Janet Malcolm, who challenged and changed journalism, dies at 86
Janet Malcolm, the legendary writer whose seminal books on journalism and psychoanalysis influenced generations of reporters, died Wednesday at the age of 86. Her daughter, Anne Malcolm, told The New York Times that the cause was lung cancer.
Malcolm, who began a long career at The New Yorker in 1963 and whose books delved into the psychology of writer and subject, was an innovative stylist. She was also a trenchant critic of her profession. The opening line to her most famous work, the book “The Journalist and the Murderer,” reads “Every journalist who is not too stupid or too full of himself to notice what is going on knows that what he does is morally indefensible.”
Malcolm was born Jana Wienerová to a Jewish family in Prague in 1934, and immigrated with them to New York in 1939. Her father, Josef Wiener, was a psychiatrist. His field’s mechanics ran through much of her writing, notably “Psychoanalysis: The Impossible Profession” (1977) and “In the Freud Archives” (1984), a character study of Jeffrey Moussaieff Masson, the project director behind the archive housing the famed psychoanalyst’s papers. (Masson later sued Malcolm for libel; he lost.)
Before Malcolm became one of the most feared interviewers in narrative nonfiction, producing controversial works that often ran in The New Yorker before being published as books, she worked at the magazine as an interior design columnist for a decade. It was while working on “long fast pieces” there, she told Katie Roiphe in 2011, that she developed her signature first-person voice.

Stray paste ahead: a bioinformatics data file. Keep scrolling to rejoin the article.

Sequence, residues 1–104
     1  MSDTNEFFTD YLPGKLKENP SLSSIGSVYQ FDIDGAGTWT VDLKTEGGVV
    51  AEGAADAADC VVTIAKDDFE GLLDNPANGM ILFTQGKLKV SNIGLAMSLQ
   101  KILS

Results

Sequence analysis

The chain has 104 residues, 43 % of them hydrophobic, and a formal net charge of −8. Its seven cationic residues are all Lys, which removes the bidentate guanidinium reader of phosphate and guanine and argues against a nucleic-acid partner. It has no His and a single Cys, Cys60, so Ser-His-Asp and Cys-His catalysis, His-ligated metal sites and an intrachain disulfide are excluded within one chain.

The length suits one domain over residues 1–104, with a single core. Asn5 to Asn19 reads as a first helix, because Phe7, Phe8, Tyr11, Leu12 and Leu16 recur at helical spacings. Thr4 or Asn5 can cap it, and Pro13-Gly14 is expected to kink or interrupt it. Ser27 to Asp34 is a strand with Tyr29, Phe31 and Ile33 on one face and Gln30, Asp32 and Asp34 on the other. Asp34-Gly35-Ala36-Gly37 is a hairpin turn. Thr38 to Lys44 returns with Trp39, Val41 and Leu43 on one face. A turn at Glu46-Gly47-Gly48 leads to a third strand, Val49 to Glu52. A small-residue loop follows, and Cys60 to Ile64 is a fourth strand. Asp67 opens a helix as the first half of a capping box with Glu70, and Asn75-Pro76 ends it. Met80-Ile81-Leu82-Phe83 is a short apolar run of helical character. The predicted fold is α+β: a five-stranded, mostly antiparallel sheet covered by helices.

“I modeled my ‘I’ on the stock, civilized, and humane figure that was the New Yorker ‘I,’” Malcolm recalled, “but as I went along, I began to tinker with her and make changes in her personality. Yes, I gave her flaws and vanities and, perhaps most significantly, strong opinions.”
Her incisive use of first-person might have reached its apex in “The Journalist and the Murderer,” a journalism school favorite about the true-crime writer Joe McGinniss, who invented a pathological narcissist diagnosis for his subject, the convicted murderer Jeffrey R. MacDonald, while also befriending him.
In her later years, Malcolm wrote prolifically about literature. She railed against in-vogue translations of Tolstoy and psychoanalyzed J.D. Salinger for the New York Review of Books and published “Two Lives,” a dual biography of Gertrude Stein and her partner, Alice B. Toklas. She also continued to publish books of essays and reported work, including “Iphigenia in Forest Hills,” which dived into a murder trial in the Bukharian Jewish community of a Queens neighborhood.
She is survived by her daughter, granddaughter, sister and two nephews. Her first husband, the New Yorker writer Donald Malcolm, died in 1975. Her second, Gardner Botsford, a New Yorker editor, passed away in 2004.
The editor Craig Seligman famously claimed that Malcolm “found her vocation in not-niceness.” Her radical knack for not mincing words proved enormously influential — even if it began as a kind of heresy.
“My analysis of journalistic betrayal was seen as betrayal of journalism itself as well as a piece of royal chutzpah,” Malcolm told Roiphe, speaking about her line on the “morally indefensible” nature of her industry. “Today, my critique seems obvious, even banal.”